Darker With the Lights On by David Hayden sold out in hardback and the surreal short story collection got absolutely stunning reviews with the Guardian saying “once in a blue moon, a book comes along that really is like nothing you’ve ever read before. The 20 stories in this debut are strange, uncomfortable fables: hard to fathom, but impossible to ignore ... with a blunt impact that reverberates long after the final page.” And Eimear McBride wrote "It's an open secret that David Hayden is one of the most interesting short story writers around. Why it's taken this long for his first collection to be published is beyond me but I, along with anyone with even the vaguest interest in looking at modernism anew, will be queuing up for a copy." It’s shortlisted for the Republic of Consciousness Prize, and one of the stories from it will be aired on BBC Radio 4 in April. The paperback (978 0995705296, pb, £9.99) is published on 1 May by Little Island Press – definitely one to order plenty of methinks!

Do you see unicorns everywhere? Have you noticed that unicorns are appearing more and more in modern culture? Scottish born healer Calista believes that is because the unicorn energy is coming through right now to help those who are ready to raise their vibration and start living a life that is true to them. Unicorn Rising (978 1788170918, £12.99, hb) explains what the energy of the unicorns symbolises, why it is appearing strongly at this time in history and what the unicorns can help you with. Fun and original, Unicorn Rising: Live Your Truth and Unleash Your Magic weaves relatable stories of breakthrough, with transformational exercises. This compassionate and empowering book aims to help the reader experience deeper levels of freedom, joy, play and love to help them follow their path with power and purpose. This book will be in a summer issue of Fate magazine and Calista will also be speaking on Talk Radio. You can see an interview with Calista talking about her book on YouTube here.  It’s published by Hay House on 29 May.

I love this thoughtful piece by Neil Gaiman explaining why our future depends on libraries, reading and daydreaming. You can read it here in the Guardian explaining why using our imaginations, and providing for others to use theirs, is an obligation for all citizens.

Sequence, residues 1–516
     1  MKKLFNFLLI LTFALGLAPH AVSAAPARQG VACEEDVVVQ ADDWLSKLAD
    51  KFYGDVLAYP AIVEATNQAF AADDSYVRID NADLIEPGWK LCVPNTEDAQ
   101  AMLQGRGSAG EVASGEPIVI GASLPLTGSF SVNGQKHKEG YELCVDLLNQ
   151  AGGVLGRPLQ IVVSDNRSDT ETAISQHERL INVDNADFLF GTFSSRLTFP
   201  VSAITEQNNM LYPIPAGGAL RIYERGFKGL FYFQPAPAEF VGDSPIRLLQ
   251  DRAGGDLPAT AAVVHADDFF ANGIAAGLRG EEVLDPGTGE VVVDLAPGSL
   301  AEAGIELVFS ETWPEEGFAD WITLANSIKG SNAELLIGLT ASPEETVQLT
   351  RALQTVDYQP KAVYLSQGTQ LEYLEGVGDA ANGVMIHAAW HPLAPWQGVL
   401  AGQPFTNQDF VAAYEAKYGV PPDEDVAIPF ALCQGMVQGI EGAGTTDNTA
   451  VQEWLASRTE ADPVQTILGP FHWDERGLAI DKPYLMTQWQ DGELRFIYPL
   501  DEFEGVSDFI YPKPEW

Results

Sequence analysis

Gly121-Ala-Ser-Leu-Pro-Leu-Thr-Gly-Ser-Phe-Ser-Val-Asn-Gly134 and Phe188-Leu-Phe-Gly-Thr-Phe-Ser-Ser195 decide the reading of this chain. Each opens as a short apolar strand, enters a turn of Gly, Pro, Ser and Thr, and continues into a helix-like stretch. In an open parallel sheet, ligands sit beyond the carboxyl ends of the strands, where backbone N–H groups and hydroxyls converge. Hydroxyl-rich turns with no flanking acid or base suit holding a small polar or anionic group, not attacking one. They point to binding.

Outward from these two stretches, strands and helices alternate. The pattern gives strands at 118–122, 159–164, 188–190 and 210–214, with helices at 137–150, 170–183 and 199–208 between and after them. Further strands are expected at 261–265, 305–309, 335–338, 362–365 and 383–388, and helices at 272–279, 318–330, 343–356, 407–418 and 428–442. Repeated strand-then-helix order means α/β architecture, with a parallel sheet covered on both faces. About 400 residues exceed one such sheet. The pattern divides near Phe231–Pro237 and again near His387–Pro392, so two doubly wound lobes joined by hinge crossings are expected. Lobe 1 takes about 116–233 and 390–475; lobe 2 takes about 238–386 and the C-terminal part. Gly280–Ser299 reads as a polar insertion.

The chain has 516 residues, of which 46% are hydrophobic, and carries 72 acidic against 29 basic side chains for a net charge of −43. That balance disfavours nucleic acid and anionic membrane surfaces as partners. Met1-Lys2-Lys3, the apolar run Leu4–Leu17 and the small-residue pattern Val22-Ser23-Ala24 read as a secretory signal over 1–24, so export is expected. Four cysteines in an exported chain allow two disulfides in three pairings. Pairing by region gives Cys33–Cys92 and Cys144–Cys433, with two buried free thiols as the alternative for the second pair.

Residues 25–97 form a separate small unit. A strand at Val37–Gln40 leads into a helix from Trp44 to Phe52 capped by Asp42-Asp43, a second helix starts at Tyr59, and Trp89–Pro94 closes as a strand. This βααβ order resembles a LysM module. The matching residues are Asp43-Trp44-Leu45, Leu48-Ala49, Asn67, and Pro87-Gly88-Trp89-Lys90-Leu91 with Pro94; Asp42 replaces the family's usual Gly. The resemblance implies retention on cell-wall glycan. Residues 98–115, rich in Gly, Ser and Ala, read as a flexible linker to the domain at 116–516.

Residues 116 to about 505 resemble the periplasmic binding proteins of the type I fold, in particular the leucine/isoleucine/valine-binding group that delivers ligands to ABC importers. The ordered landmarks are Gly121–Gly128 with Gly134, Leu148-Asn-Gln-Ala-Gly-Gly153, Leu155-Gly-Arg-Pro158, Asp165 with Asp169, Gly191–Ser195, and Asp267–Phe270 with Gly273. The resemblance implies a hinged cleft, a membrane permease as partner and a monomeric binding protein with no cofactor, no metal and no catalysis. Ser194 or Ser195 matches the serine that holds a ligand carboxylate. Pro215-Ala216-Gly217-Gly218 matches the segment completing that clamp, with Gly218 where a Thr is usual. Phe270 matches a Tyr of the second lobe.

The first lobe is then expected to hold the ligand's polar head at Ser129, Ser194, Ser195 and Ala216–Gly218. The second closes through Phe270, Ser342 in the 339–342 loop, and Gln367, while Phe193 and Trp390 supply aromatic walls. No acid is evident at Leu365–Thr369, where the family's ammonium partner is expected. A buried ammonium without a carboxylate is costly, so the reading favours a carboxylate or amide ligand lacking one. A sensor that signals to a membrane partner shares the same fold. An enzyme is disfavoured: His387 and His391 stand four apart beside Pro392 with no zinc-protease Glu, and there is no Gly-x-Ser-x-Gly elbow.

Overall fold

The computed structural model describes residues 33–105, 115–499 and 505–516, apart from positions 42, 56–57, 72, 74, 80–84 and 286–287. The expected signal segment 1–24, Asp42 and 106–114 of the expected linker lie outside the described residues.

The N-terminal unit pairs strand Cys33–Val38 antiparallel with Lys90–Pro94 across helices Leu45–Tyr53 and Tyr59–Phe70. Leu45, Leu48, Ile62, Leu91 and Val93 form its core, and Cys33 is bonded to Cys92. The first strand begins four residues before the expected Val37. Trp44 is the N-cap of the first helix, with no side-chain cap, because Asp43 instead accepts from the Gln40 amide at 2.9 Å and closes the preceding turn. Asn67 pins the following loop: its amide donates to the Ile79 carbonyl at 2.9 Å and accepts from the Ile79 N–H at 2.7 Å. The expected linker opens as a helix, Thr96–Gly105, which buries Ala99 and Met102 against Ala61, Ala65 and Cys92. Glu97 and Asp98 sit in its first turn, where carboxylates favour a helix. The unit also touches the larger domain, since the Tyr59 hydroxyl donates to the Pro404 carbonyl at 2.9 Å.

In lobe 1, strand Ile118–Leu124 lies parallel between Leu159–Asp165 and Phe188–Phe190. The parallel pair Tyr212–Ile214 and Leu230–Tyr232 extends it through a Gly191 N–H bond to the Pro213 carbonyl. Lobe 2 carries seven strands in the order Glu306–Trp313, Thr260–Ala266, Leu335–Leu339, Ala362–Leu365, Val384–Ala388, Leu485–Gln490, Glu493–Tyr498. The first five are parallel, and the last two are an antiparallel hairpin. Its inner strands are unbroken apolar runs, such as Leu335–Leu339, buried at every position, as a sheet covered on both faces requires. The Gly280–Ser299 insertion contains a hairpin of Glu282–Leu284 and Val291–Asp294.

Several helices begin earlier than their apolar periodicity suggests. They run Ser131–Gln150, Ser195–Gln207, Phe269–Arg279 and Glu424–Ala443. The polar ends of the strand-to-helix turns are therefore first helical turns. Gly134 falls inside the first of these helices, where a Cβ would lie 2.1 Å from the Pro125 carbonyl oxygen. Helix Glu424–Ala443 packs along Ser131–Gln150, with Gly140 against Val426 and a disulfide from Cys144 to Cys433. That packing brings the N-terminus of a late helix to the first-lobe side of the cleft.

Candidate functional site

On a cold February day, who wouldn’t want to be transported to the sunny Caribbean. So Many Islands (pb, £8.99, 978 1846592072) does just that, bringing together stories from the distant shores of the island communities in the Caribbean, Mediterranean, Indian and Pacific Oceans. Giving voice to their challenges and triumphs, these writers paint a vibrant portrait of what it is like to live, love and lose the things most precious to them on the small islands they call home. Just published by Telegram in partnership with the Commonwealth Foundation, this enchanting collection will transport you to Marakei, ‘the women’s island’, where a female statue stands guard at each compass point, and introduce you to colourful characters like Leno Humphrey, a small-time cricketer from St. Vincent who buys his own trophies to take back to his wife. Voicing global issues such as nuclear testing in the Pacific and climate change to petty politics and the gaps between generations; readers everywhere will find universal connections with these words and worlds. As Booker Prize winner Marlon James says in his introduction to this lovely collection: “This is the real globalism, a glorious cacophony that seeks no common ground other than attitude.”

And just to get you in the mood – here are the top 21 songs with that Caribbean vibe – as chosen by Beachbox TV! Reggae, salsa, calypso and sweet soca music, this playlist will transport you straight to those sun-kissed, tropical beaches!

This weekly blog is written for the UK book trade. If you would like to order any of the titles mentioned, then please talk to your Compass Sales Manager, or call the Compass office on 020 8326 5696. Every Friday an e-newsletter containing highlights from the blog is sent out to over 700 booksellers – and if you’d like to receive this then please contact

Friday 9 February 2018

Compass Points 249